Although there are many perceived benefits of on-farm direct marketing, there may be obstacles to overcome in order to make a successful operation. While established literature examines the process and challenges associated with agricultural technology innovation, such barriers in agricultural marketing are arguably less chronicled. While technological innovations in agriculture often have roots in the scientific and academic communities (frequently in partnership with farmers), we posit that agricultural marketing innovations tend to evolve more organically within the farming community. It follows that Extension personnel may need to play “catch up” with farmers to understand the evolution of marketing strategies before being in a position to develop educational resources based on clientele needs. Relative to the traditional production-wholesale model of operation, direct marketing is a new business paradigm for many farmers that may present new business challenges (e.g., marketing and promotion, the need for new employee skills, liability exposure, regulatory investigations, and reorientation of managerial efforts). A team of Rutgers Cooperative Extension faculty therefore conducted case-study research involving New Jersey farms engaged in a broad range of innovative direct marketing activities to identify specific educational and resource needs of this dynamic industry.




Ten New Jersey based on-farm direct-marketing operations were assessed by a team of Rutgers Cooperative Extension faculty with expertise related to agritourism, crop production, marketing, business development, farm safety, food safety and agricultural policy. The mean experience in Extension or other agricultural service provider capacities among evaluators was approximately 20 years. This study was conducted under the proposition that engagement in novel forms of direct marketing, may pose new challenges to marketers operating on the cutting edge of the industry and may reveal additional educational resource needs. By studying innovative agricultural businesses using Strengths, Weaknesses, Opportunities and Threats (SWOT) analysis, the team examined farms offering on-farm direct marketing to the public. One objective of this study was to identify critical challenges facing innovative on-farm direct marketing operations that could potentially hinder further enterprise development. These assessment activities were conducted to identify programmatic deficiencies related to agritourism and direct marketing operations and to develop Extension educational resources to mitigate these deficiencies.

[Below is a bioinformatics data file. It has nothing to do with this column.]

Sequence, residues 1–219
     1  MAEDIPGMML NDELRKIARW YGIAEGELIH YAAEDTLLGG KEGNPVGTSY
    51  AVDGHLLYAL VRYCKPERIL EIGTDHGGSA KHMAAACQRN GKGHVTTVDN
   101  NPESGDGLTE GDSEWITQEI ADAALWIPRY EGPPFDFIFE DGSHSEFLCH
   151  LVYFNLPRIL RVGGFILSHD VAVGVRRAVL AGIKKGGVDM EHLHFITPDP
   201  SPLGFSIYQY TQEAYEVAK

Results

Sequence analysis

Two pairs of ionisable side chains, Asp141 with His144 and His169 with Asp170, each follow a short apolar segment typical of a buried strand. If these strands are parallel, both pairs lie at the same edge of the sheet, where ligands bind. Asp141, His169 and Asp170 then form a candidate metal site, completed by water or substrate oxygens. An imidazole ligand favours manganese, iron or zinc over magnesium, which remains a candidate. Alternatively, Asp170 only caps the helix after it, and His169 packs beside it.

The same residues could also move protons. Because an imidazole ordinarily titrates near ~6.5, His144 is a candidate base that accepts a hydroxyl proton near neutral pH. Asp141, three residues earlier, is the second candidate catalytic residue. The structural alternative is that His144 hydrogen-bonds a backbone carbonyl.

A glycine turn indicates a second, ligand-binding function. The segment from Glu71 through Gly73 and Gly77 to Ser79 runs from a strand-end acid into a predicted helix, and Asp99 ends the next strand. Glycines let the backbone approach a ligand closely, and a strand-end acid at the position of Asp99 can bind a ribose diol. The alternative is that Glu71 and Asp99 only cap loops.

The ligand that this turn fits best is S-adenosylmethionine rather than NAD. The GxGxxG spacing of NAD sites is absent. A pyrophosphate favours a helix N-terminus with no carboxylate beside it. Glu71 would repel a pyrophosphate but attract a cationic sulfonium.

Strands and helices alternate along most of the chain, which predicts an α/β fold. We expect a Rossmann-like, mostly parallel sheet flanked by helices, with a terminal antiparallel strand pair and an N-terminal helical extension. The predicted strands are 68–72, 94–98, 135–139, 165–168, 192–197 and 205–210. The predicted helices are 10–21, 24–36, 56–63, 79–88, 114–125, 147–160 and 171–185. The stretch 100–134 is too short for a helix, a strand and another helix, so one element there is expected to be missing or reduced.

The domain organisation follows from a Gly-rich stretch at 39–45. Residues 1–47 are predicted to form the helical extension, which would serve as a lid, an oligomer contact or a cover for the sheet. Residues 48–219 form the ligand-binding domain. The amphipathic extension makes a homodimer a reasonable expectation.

The 5-person assessment team relied on its collective experience in the state’s agriculture industry to develop a list of prospective farm cases. The list was augmented through consultations with Extension colleagues and other agricultural service providers, as well as through referral sampling approval (i.e., recommendations of farmers interviewed early in the research process). Final case selection was based on a systematic review and normative assessment of each farm’s marketing practices by the study team. The team also considered secondary factors, including farm size, production methods, length of operation, and operator characteristics, to ensure diversity among cases.




All case-study farm descriptions are listed in Table 1. Every farm offered some form of on-farm direct marketing with agricultural products grown on the farm. Seven different counties in New Jersey were represented from the 10 case study farms. All farms, except one farm, were located in a suburban/semi-rural area. Selected farms ranged in size from multiple garden plots of less than one acre to 250 acres and produced varied crops or livestock under diverse management methods and marketing strategies.